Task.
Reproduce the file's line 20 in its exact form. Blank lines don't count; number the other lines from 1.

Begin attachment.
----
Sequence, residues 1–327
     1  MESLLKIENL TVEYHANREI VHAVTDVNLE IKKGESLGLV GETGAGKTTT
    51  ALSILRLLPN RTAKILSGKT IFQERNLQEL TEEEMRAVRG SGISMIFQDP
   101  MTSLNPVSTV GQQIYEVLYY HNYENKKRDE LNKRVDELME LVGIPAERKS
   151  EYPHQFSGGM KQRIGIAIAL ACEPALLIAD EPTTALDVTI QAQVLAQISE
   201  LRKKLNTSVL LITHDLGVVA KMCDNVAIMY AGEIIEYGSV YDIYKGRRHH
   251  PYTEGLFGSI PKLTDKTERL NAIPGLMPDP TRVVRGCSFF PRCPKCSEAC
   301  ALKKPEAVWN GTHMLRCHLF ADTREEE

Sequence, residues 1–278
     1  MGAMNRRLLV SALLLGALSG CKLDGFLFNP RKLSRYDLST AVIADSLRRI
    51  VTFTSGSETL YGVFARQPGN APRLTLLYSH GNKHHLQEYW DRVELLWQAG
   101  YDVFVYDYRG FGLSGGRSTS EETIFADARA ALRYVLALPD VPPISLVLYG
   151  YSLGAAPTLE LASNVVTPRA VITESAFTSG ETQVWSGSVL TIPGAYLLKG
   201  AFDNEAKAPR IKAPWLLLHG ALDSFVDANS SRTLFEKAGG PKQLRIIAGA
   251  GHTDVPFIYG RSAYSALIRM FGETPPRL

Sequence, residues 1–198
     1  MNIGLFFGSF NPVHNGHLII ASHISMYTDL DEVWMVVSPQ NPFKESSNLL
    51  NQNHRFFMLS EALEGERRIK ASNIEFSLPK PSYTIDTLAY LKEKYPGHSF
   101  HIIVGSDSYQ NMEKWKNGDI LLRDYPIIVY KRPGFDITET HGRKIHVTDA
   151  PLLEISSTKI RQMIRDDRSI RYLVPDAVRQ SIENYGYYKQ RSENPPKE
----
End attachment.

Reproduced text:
   151  PLLEISSTKI RQMIRDDRSI RYLVPDAVRQ SIENYGYYKQ RSENPPKE